The BLM granted the gas company approval for the project April 26.

Construction is expected to last until mid-November.

After construction, the pipeline will run along the east side of State Road 68. The project will eliminate two crossings under the Río Grande and remove pipeline infrastructure from a culturally significant hillside in Pilar, where there's a spiral petroglyph, crumbling morada and Apache sites.

Safety

While the gas infrastructure will be upgraded from an 8-inch pipe to a 12-inch pipe - nearly doubling the capacity of the line - the gas company has said from the get-go that the improvements are borne out of concerns for public safety and the integrity of the line.

The current pipeline is located in the Embudo fault. Even without rock slides or earthquakes, the ground is moving. Seeps on the western side of the river make for lush, green areas thick with reeds and cottonwoods. But those same seeps are unstable, especially for critical infrastructure.

The gas pipeline has been monitored for stress since the mid-1980s, "when a pipeline break prompted two sections of buried pipeline to be excavated and replaced with flexible above-ground pipe," according to a BLM report. In the 1990s, additional segments of the underground pipeline were moved above ground to allow for greater flexibility.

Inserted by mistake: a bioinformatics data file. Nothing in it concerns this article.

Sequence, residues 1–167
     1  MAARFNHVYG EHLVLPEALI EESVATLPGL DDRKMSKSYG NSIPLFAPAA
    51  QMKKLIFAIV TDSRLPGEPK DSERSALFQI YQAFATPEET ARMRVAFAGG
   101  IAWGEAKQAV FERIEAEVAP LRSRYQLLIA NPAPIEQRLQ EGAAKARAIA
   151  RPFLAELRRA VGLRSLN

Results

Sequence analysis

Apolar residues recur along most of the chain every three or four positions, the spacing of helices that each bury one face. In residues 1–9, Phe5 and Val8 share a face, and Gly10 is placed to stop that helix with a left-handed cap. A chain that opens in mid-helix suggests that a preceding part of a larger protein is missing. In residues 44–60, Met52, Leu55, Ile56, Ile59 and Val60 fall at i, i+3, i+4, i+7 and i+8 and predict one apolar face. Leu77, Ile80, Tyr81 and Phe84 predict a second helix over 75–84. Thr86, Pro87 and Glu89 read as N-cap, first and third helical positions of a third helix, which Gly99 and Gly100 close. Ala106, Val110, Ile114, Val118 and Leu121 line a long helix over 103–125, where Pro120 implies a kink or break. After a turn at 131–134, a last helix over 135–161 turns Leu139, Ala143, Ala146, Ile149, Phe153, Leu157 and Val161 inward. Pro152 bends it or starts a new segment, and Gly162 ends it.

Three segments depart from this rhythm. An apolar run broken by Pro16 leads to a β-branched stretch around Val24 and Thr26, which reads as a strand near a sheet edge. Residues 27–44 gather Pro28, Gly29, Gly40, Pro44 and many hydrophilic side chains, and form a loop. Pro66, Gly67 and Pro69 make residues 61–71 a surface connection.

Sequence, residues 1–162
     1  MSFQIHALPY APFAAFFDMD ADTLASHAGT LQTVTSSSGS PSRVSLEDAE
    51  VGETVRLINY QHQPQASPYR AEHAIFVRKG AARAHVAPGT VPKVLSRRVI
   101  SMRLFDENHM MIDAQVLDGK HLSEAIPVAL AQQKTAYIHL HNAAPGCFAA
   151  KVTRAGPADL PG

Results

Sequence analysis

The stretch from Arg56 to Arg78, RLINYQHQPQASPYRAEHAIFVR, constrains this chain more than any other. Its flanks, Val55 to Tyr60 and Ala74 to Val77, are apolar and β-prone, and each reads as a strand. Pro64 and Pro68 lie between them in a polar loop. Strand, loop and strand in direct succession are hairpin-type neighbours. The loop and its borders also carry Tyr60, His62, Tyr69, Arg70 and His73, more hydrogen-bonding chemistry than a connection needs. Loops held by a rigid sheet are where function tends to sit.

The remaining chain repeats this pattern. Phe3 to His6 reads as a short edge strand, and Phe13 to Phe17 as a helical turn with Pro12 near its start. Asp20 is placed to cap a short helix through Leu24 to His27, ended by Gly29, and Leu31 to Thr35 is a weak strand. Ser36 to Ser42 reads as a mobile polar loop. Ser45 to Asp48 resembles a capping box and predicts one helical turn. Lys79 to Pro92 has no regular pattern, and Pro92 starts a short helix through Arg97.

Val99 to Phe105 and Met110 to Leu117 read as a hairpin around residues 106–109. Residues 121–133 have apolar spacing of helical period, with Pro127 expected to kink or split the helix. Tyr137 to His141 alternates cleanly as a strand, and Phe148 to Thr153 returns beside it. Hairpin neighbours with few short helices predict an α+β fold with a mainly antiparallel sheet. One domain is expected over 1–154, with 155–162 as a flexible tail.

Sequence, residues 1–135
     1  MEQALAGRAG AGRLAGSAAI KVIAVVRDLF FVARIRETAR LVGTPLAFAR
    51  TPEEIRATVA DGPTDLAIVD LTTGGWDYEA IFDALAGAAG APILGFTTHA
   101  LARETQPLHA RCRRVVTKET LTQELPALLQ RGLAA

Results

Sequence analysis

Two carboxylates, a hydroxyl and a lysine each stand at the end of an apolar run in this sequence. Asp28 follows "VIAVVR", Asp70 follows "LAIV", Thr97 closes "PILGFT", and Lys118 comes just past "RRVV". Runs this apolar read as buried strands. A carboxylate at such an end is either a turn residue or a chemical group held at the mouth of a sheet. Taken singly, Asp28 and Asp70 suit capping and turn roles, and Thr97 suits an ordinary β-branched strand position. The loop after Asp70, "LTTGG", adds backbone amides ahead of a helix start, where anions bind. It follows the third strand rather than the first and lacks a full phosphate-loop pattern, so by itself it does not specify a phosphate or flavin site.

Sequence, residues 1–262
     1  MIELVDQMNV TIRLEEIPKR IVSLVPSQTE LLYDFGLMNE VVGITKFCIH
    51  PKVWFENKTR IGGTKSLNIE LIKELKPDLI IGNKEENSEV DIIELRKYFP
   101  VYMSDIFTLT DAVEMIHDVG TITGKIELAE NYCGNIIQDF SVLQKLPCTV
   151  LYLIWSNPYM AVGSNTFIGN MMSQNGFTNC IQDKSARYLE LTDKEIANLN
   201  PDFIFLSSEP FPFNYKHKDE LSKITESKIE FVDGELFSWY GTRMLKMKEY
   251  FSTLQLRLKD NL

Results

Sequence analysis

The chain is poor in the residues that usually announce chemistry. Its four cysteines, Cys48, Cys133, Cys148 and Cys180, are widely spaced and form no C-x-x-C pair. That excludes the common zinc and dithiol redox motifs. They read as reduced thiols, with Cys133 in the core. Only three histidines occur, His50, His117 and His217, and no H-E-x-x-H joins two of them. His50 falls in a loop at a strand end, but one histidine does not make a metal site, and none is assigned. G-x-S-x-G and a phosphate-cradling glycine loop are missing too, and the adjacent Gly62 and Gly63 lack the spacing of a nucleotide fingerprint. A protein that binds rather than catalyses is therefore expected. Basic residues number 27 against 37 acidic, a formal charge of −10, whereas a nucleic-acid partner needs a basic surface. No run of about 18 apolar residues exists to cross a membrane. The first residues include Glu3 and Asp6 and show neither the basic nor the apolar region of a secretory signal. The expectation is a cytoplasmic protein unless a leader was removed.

Though the gas company has monitored the line for stress for nearly 30 years, it was only in the last four or five that the most severe damage was recorded.

Location also makes it a tough piece of infrastructure to work with. There's no road access to the west side of the river near Rinconada. In order to service the pipeline, a contractor has to wait until the fall, when water levels are low enough to drive a tractor to the other riverbank and up the hillside, according to Tim Korte, spokesperson for the gas company.

Carl Berghoffer, a lifelong resident of Embudo, where he has a fruit stand in the summer months, said he was around when the gas pipeline was first put in. "I told them not to put it there," he said.

He's glad someone is finally remedying the problem - albeit 50 years later.

Costs

New Mexico Gas Company is financing and directing the rerouting of the pipeline, but the company has a recent history outside the state.